Translating For The Middle East Is A Matter Of Language & Faith

The Middle East is a vast and complex region that is full of both opportunity and culture. It’s an area full of diversity harboring some of the oldest traditions in the world while at the same time playing host to Dubai, one of the most advanced cities on the planet today. This is a part of the world that has played an increasingly important role in the world economy as well as a current events.

Linguistic diversity

In one sense, it seems like translating content for the entire region is fairly straightforward. The officially spoken language of countries in the region is Modern Standard Arabic, which is also the standard for written language in the Middle East. There are many different regional dialects spoken, but for the purposes of literacy, most of this region shares the same alphabet, if not language for business and work communication purposes.

However, unlike many parts of the world that have made clear divisions between secular and religious matters, the Middle East still largely integrates these two aspects into most of daily life. As a result of this, simply speaking the same language—while appreciated—isn’t going to have the same impact as speaking the language and having respect for the cultural and religious traditions. For example, it’s unique to Iraq but the “thumbs up” gesture that the West normally associates with approval or compliments is actually the opposite, and is considered the Iraqi equivalent of giving the middle finger.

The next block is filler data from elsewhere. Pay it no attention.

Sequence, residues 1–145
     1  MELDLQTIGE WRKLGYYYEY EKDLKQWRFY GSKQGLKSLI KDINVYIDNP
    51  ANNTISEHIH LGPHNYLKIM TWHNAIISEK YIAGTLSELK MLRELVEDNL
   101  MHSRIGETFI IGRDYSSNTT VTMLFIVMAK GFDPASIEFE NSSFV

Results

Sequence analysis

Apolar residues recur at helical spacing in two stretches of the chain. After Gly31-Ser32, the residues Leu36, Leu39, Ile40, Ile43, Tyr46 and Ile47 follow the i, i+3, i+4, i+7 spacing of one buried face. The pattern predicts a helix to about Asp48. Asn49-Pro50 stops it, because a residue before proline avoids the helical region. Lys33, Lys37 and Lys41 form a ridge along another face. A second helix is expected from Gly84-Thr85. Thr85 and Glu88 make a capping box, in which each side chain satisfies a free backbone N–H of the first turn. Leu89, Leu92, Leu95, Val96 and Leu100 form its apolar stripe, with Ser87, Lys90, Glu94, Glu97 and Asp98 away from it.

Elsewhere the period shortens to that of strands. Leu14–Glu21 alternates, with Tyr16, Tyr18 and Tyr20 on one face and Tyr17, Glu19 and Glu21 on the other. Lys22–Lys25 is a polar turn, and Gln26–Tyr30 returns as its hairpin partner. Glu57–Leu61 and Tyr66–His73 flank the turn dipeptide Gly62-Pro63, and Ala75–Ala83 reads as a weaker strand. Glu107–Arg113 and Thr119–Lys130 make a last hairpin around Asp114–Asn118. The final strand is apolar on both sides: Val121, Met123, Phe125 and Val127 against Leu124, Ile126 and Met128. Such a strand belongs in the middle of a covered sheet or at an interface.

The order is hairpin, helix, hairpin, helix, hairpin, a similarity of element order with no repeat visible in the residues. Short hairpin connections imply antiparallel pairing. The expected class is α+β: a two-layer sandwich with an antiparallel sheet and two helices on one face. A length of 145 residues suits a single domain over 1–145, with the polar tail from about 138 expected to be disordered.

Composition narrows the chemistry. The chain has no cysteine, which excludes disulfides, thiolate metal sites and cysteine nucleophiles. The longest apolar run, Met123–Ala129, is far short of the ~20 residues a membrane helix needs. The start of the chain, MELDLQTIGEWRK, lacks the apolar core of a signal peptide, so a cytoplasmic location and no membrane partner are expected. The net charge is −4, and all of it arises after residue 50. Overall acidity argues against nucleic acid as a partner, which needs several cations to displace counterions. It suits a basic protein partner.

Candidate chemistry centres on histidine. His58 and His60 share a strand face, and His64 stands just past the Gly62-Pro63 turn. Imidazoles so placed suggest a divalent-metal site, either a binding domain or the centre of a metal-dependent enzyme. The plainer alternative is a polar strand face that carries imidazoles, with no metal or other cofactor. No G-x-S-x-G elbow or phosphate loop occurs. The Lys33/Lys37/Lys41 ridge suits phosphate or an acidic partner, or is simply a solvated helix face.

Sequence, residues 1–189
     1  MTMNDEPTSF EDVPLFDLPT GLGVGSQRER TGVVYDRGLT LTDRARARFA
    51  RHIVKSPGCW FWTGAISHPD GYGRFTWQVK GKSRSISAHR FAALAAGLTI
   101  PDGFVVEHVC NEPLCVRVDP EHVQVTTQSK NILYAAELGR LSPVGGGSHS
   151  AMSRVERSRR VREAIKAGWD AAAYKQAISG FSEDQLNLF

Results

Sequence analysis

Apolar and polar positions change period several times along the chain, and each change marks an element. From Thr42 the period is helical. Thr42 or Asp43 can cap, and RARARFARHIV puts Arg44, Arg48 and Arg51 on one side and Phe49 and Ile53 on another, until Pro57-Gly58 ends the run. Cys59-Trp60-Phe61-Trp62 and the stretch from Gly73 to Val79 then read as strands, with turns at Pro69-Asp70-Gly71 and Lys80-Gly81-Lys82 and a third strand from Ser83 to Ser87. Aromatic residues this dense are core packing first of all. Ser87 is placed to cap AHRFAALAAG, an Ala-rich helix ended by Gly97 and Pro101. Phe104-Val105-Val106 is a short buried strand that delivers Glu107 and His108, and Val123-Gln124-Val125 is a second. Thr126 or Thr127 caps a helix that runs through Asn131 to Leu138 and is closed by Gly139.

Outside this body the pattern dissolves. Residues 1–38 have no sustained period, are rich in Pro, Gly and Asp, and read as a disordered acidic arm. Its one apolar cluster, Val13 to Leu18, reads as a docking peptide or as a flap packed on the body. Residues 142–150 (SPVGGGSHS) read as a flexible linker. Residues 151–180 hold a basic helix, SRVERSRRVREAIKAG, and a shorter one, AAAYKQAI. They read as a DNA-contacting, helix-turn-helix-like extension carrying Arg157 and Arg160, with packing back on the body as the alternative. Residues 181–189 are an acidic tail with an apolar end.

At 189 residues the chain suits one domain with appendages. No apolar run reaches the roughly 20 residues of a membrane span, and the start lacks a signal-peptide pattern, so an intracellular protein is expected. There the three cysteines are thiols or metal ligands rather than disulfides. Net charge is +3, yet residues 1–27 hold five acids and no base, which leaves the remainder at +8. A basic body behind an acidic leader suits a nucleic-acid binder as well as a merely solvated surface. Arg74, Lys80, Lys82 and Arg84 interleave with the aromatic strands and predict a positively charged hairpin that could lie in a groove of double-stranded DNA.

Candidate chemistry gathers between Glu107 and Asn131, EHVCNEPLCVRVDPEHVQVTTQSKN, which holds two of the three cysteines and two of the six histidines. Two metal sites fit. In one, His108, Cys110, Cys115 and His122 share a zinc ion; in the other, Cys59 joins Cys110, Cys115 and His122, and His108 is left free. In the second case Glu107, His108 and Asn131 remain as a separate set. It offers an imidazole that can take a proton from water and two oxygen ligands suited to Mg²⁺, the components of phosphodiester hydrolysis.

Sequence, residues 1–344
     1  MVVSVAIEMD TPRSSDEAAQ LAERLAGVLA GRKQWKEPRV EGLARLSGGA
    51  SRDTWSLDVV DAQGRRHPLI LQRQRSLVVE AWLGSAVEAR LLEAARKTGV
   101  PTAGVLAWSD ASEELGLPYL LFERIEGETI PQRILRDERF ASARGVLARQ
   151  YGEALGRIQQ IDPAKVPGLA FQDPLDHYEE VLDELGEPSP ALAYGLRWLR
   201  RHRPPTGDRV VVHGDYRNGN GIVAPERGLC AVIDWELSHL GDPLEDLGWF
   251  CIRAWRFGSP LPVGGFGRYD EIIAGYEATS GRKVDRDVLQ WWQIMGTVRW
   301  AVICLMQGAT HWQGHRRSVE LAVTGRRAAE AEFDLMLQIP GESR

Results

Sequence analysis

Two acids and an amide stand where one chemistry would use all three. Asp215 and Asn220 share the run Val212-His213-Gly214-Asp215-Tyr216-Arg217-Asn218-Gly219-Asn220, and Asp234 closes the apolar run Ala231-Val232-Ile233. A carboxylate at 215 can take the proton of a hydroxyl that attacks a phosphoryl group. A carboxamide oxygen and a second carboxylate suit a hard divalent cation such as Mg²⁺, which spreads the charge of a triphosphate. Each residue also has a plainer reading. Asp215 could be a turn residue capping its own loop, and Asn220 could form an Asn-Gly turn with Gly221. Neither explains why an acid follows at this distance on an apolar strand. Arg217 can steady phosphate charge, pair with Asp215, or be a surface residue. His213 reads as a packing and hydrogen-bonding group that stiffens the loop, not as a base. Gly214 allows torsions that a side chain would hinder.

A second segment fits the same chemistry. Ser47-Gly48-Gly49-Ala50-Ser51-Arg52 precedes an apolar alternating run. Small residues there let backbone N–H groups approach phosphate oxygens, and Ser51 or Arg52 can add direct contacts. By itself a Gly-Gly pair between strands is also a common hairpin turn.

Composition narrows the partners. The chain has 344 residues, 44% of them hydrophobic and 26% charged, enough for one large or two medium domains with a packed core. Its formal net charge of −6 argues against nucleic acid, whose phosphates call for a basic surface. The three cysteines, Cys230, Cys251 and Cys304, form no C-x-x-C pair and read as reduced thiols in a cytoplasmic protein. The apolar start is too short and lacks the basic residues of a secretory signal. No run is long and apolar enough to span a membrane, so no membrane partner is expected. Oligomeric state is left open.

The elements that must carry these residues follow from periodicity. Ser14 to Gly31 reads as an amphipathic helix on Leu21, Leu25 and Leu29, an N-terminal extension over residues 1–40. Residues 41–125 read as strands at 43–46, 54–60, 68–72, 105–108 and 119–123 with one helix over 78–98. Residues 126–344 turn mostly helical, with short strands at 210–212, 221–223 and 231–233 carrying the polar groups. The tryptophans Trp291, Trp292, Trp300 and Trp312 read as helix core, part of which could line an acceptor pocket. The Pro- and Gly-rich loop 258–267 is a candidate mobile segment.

In casual conversation it’s important to remember little things like this, as someone asking you if you’d like another drink is going to be gravely insulted when if ignorantly respond with a thumbs up, unaware that you just made an obscene gesture to someone who was being polite to you. It’s also important to remember and respect important religious events, especially Ramadan, which is held every year during the ninth month of the Islamic calendar. This is an important period of faith during which practicing Muslims forgo food and drink during the day, breaking their fast only after sundown.

The importance of respecting religious events

It’s important to be both mindful and respective of this period, so things like an invitation to lunch or drinks will be interpreted as jokes made in extremely poor taste. This is especially true in marketing terms, as the last thing any business should do during Ramadan is make crass offers like lunch specials.

There’s also the matter of modesty. Practicing Muslims believe that women should not wear provocative or revealing clothing, so it’s advisable to avoid wearing short skirts or tight clothing. This is especially true during Ramadan, when even the image of women is prohibited in advertising as the month of Ramadan is also about avoiding temptation. Of course with the numerous countries in the Middle East, from Egypt to Saudi Arabia, there are numerous customs, traditions and distinctive national characteristics that separate one nation from the next.

While it’s advantageous that there’s one central language that can be applied such a huge area, there’s still a lot of cultural context that needs to be taken into consideration when working or doing business here.

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